Tag Archives: Belgrade Lakes

Golden Pond

It is our last full day here at camp.

I’ve been for a long walk this morning, some exercise before the day begins in earnest.  There is a heron out on the swim dock which is great to see.  Up to now, our dock has merely been a pit stop for ducks and sea gulls.  Yesterday while out on the lake we spied osprey, a magnificent bald eagle hunting for fish, and many iconic loons.

Their calls to one another haunt our dreams.

It is my full intention to be firmly present in these final couple of days here in Maine, but I admit to already feeling the pressure of the journey home which we will undertake in the wee hours of Sunday.

We are steeped in friendship and gratitude, natural splendor and rest, great food, camaraderie and play.  The well is nigh full and we can draw on it back in our day to day at home.

There are small projects planned which will keep me grounded in practice, as the goldening of late summer drifts down on everything.  There is a wistful sadness to the time of year, always, and especially now.

Tomorrow I shall have one more quick dip in the sea (don’t worry, I’ll avoid any shark tending locales!) and perhaps another bite or two of ocean sourced food, before packing up and readying for home.  Next I write, I’ll be back in my familiar haunts and settling into what could be a long autumn, what with one thing and another and so many precious plans canceled.  It will be important to maintain an even keel in the months ahead.  To lean into the winds in a way that fills the sails and keeps us on course.

Perhaps today I’ll have a sailing lesson.

Much appreciation for you all reading along with me on these recent adventures.  I shall endeavor to keep writing, even as we settle back into normality.  For there is beauty and even some adventure to be found there as well.

More soon.

Transition

In which we dive in.

Yesterday was moving day.  The day on which we gather ourselves en masse for a week away from home and, more importantly, work.  There are groceries to collect, the packing up of all the essentials for a week at the lake.  Usually we figure we can have a meal in town and pick up any forgotten necessities.  Usually things are more casual and fluid, especially as the kids have become adults in recent years.  But this year is different.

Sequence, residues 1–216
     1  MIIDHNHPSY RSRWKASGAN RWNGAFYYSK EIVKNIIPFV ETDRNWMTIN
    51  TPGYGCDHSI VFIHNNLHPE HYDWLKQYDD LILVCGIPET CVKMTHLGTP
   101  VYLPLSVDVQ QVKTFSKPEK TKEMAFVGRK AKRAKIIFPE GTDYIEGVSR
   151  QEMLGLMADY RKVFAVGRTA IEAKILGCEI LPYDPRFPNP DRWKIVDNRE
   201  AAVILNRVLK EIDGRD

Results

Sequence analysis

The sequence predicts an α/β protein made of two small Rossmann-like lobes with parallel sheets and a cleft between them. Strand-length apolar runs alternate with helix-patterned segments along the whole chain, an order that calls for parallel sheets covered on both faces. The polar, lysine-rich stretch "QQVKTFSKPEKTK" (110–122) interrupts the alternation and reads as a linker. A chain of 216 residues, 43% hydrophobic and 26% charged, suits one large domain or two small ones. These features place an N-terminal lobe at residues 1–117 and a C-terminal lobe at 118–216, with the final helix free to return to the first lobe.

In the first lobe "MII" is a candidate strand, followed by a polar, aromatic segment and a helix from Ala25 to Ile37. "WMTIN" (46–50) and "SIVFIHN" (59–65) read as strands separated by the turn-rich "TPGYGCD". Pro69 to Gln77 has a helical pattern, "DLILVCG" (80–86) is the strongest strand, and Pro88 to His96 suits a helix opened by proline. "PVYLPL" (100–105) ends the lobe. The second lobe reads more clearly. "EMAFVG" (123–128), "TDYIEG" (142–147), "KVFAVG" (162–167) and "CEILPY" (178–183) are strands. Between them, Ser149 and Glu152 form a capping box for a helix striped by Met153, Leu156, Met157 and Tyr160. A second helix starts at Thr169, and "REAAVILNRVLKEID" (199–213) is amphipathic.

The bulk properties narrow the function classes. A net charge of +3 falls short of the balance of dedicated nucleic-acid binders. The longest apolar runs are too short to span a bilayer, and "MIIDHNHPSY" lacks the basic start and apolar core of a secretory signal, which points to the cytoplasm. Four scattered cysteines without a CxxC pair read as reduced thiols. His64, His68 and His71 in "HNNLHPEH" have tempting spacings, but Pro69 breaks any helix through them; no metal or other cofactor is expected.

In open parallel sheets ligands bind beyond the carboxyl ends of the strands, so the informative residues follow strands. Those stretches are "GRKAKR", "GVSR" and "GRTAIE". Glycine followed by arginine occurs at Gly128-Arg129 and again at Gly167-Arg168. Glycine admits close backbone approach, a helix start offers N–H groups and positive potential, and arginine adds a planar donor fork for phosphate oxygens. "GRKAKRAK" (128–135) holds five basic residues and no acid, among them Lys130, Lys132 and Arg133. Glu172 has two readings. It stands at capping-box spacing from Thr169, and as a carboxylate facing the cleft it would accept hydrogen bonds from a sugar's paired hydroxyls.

We hunker down.

Moving day, even on a good year, breeds small anxieties in my heart and this year the spin cycle of the mind is even more active than usual. I am loathe to leave the ocean, but excited for the relatively warm, fresh waters of Long Pond.  I worry we will forget something, worry I’m not doing enough to be of assistance to our little family unit, worry I’m getting behind in my art work, becoming lazy and complacent here in this vacation-land paradise.  I worry my country is breathing it’s final dying gasps, worry about the ripple effects of this damned virus……  I won’t bore you with all of the worries, but you get the general picture.  This is my brain on transitions of most kinds, what can I say?  I am only human, a work in progress.

There is nothing for a wave of worries quite like playing a bit of music.  Good for the soul in so many ways – perhaps merely the tonal qualities of music in general and the necessity of managing ones breath as a flute player specifically.  One of my nagging worries yesterday is that I might miss the precious zoom calls which fall on the very hour we are due to be arriving here at our little rented cabin.

But, as with seemingly everything on this gift of a journey this summer, it all works out.  Our rental allows for a bit of an early arrival, which means I can attend these conversations after all.  My computer remembers the household wireless, so no technical glitches either.  With two back to back zoom calls, I get to see the faces and hear the voices of my musical mates from the Swannanoa gathering which shores up the heart in these heavy times.  We learn a couple of new tunes, all the while catching up with one another, with hopes to do so in person next summer.  But who knows?  With a bit of music, and the knowledge that my friends scattered around the world are ok for now, my unsettled heart shifts back into center.  I am grateful.

Soon we are unpacked and a simple dinner is in the works.  By tradition, we feast on steamed lobster, bread and a salad on our first night at ‘camp’.